Winter Olympics Journal

February 12, 2010 12:45 AM

2010 Winter Olympics: Got snow?

Vancouver no snow.jpgWelcome to the (not-so) Winter Olympics.

For the next 17 days, I'll be posting daily on the sights and sounds of the 2010 Games for RealClearSports. I'll be reporting from Whistler, where -- unlike Vancouver, at sea level about two hours' drive south, it's actually winter.

Right now, I'm on a bus making the 2 ½-hour trek from Whistler to the city on the stunning Sea to Sky Highway, which winds its way along the coastline. We're descending in thick fog, and it's raining. I have to thank Canadian taxpayers and the Olympics for my peace of mind.

That's what helped pay for, and push through, the $800 million (Canadian) it took to straighten and widen this road, formerly known as "Killer Highway" for all the accidents.

With one day left until the Opening Ceremony, here's the buzz:

1. The weather. Winter Olympic host Vancouver has no snow, and nothing but rain and temps in the 40s for the foreseeable future. Blame the El Nino weather pattern that hits the Pacific Northwest every few years, bringing warm weather.

2. Cypress Mountain. Venue for snowboarding, ski cross and freestyle skiing (moguls, aerials), just outside Vancouver. Organizers gambled by putting some snow-based sports at such low altitude and so close to the sea. It looks like they lost. Too warm to make snow, even at night, workers have been trucking in snow for weeks. Ski courses now have enough for training, but they're surrounded by brown. There are major worries the halfpipe and ski/snowboard cross courses won't be up to snuff. Officials fueled concerns with a media blackout last week, when some training runs were cancelled and moved to Whistler temporarily. You know you're in trouble when there's not enough snow to use the chairlift. In training, athletes have been whisked to the top via snowmobile.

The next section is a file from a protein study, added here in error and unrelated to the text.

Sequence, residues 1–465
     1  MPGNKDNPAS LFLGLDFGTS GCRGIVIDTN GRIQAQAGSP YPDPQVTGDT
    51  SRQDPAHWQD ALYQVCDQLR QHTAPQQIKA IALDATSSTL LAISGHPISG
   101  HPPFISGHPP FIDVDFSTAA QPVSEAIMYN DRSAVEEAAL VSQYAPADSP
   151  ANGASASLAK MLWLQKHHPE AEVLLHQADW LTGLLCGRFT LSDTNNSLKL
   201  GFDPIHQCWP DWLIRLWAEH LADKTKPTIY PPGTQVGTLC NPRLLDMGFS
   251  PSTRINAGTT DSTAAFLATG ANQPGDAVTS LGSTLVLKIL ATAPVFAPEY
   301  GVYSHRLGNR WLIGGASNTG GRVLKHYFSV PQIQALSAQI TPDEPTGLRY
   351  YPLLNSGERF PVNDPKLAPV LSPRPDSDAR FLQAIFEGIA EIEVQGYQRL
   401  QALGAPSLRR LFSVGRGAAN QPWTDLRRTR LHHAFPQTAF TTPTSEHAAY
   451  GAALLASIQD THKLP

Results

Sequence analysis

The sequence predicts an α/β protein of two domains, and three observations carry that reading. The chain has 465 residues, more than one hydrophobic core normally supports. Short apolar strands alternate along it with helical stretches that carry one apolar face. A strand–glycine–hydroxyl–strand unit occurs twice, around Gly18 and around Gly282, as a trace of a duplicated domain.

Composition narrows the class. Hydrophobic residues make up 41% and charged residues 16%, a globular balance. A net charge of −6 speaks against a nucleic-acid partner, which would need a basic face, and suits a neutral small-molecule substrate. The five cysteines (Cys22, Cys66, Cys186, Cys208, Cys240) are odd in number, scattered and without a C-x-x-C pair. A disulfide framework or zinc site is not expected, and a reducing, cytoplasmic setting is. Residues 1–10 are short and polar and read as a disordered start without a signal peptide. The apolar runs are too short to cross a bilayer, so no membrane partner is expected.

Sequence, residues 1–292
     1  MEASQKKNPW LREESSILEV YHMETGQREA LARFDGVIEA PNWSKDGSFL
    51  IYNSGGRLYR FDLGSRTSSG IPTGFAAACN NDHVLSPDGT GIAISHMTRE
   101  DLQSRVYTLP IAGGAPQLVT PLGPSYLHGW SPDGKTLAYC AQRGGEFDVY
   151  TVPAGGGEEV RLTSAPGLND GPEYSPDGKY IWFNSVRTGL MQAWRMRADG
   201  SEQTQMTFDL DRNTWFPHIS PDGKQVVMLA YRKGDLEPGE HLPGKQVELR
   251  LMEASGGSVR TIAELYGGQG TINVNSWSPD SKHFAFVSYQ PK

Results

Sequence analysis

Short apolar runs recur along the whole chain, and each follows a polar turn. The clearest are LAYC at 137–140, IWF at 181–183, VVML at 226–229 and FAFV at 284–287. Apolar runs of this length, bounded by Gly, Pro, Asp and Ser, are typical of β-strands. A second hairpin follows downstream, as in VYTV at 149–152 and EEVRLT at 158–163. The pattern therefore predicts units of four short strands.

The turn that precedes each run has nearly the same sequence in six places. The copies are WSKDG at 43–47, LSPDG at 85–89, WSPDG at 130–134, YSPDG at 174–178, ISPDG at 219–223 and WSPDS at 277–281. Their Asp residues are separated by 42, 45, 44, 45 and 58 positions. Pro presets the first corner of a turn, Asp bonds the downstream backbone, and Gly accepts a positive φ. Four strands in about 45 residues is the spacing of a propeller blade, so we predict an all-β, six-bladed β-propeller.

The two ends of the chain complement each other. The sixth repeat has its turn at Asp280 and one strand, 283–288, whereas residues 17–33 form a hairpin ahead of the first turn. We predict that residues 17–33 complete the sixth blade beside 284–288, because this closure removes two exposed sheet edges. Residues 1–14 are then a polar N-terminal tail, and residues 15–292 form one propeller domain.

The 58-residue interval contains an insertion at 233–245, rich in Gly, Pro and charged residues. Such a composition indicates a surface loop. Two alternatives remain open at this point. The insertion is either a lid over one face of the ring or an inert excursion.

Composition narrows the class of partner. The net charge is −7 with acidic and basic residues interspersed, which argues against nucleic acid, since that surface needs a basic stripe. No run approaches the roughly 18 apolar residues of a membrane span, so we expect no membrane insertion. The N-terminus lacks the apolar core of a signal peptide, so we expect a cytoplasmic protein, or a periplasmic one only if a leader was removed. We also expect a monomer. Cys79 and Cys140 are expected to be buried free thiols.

3. In Whistler, it's winter, though the place could use a fresh dose of the white stuff. Record early season snow helped the Games. But the notorious Whistler fog, along with some snow today, has forced training delays of men's and women's downhill the past two days.

4. That's good news for Lindsey Vonn. Her bruised shin is the biggest Olympic leg injury since Nancy Kerrigan. Vonn, slated for multiple medals here, can only hope for more time to heal. She was on the mountain this morning for training -- her first time on skis since she fell during training in Austria nine days ago, when her boot top slammed into her leg, causing a six-inch deep bruise.

5. Who'll light the Olympic flame tomorrow night? Think of the most famous Canadian athlete (Wayne Gretzky?), then figure it won't be him or her. Olympic organizers like to make it a surprise.

6. Where's the flame going to be? Source of much speculation, since the Opening Ceremony will be the first held indoors in any Games. We're guessing a dual approach, with one inside and one outside. It was a well-kept secret until a mysterious, three-story-high white box-like structure appeared on the Vancouver waterfront, a couple miles from ceremony site Canada Place. A local news organization hired a helicopter to shoot film from above, which revealed what appeared to be gas pipes inside the structure.

Or maybe it's where they're hiding Gretzky.

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